Gamma radiation handles about 40% of sterilized supplies. Like ethylene oxide, products don’t have to be removed from their final packaging, which helps to cut down on handling and the chance that something could be contaminated again.
Other kinds of radiation — like electron beams and X-rays — can also kill germs, but they’re not as commonly used. Not all materials can withstand radiation. Besides finding sterilization methods and materials that work well together, another potential problem is that sterilization facilities would be expensive for companies to overhaul.
The EPA acknowledged that in its 2005 proposed rule.
“Ethylene oxide and radiation technologies (both gamma and e-beam) share no common equipment. Any conversion would involve scrapping the ethylene oxide chambers and related specialized equipment and systems and likely displacing the existing workforce,” the proposed rule reads.
Still, a manufacturer can switch the sterilization method they want to use for a given device as long as they clear it with the FDA. In a 2005 email exchange between the FDA and EPA about device sterilization, FDA chemist Elaine Mayhall explained that all medical device manufacturers are required to choose a sterilization method that will meet the FDA’s specifications.
A number of different methods can get to that same point, she said. The limitations are the cost, how devices are packaged, and whether a sterilizer can penetrate the device packaging so that the device doesn’t need to be handled after all the germs are killed.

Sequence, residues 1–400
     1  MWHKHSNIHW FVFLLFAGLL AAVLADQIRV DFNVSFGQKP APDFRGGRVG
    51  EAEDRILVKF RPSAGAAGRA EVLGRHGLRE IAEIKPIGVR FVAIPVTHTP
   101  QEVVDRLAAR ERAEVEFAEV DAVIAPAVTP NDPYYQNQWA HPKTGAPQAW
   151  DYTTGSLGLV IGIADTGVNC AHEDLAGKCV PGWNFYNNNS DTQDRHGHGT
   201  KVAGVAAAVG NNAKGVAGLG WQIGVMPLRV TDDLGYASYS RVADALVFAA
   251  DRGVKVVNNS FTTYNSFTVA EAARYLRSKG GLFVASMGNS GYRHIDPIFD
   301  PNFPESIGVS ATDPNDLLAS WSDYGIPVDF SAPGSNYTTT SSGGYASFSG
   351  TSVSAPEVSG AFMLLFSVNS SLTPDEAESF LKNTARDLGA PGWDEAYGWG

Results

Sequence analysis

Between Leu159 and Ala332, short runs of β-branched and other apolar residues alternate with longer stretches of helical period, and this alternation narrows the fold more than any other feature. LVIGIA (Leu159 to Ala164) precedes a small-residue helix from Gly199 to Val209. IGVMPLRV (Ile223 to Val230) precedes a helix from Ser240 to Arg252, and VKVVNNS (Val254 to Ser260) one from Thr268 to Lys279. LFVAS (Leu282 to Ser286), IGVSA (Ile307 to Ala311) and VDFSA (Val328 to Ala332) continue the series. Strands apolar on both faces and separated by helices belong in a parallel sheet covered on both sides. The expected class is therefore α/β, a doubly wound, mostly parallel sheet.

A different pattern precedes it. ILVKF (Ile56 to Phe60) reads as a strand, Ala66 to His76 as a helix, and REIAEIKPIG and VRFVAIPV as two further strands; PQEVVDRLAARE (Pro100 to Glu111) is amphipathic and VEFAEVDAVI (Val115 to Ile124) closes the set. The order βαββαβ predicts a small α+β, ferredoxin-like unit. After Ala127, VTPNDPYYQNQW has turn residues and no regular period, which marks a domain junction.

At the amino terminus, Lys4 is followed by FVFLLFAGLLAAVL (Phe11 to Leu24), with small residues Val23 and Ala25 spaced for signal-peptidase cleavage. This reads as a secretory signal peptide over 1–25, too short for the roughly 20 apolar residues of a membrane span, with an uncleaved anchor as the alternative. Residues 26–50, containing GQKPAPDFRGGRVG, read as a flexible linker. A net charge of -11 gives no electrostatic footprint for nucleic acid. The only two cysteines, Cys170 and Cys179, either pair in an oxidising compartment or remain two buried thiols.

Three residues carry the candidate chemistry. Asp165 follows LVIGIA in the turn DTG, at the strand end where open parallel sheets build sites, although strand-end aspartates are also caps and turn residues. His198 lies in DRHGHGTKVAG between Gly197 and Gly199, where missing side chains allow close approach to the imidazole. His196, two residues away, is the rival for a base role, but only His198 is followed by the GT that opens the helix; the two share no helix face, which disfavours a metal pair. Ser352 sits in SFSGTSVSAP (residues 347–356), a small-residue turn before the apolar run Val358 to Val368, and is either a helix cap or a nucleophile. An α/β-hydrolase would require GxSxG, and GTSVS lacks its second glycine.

Besides ethylene oxide, there are other gases that can sterilize products at lower temperatures.
Besides ethylene oxide, there are other kinds of gases, such as hydrogen peroxide and nitrogen dioxide, that can be used to sterilize medical devices. Steam, the original method for killing germs, still handles much of the sterilization in doctor’s offices and hospitals. Hydrogen peroxide gas is mostly used in small machines in hospitals to sterilize reusable medical devices. It breaks down into hydrogen and water at the end of its cycle, leaving no toxic residues.
Like ethylene oxide, the process works for equipment that’s sensitive to moisture and heat. One disadvantage of this method, though, is that it doesn’t penetrate materials the same way ethylene oxide does. The nitrogen dioxide sterilization method is sold by a company called Noxilizer, which is headquartered in Hanover, MD.
Like ethylene oxide, it can sterilize devices at lower temperatures, which is good for things that are sensitive to heat, but it doesn’t penetrate material the same way ethylene oxide does. It works on surfaces.
“There are strengths and weaknesses to every sterilization process,” says Maura Kahn, vice president of business development for Noxilizer.
Nitrogen dioxide gas isn’t completely harmless. As a component of air pollution, it can cause lung problems, and it’s associated with lung cancer. Noxilizer says its equipment lowers the amount that’s released from the small chambers it uses to .1 part per million, far lower than the law requires.
Hemmerich says that most things that kill harmful germs aren’t very good for people, either. Gamma radiation can be deadly if workers are accidentally exposed, he points out. Despite its downsides, Hemmerich doesn’t want to see ethylene oxide taken off the market. He says it is an effective product that has to be handled carefully.
“You have to have systems in place to keep the end user, the factory workers, the management all safe. One facility wasn’t very good at it, and now we’re all running around, trying to find alternates. It’s going to be a tough road,” he says.
Fear of Shortages Slows Change
Both device makers and the FDA have warned there could be shortages if ethylene oxide is taken offline too quickly. In February, after state regulators abruptly closed a Sterigenics facility in Willowbrook, IL, for elevated levels of ethylene oxide in outdoor air, the FDA published a list of 594 different types of medical devices that could have been in short supply because of the closure.2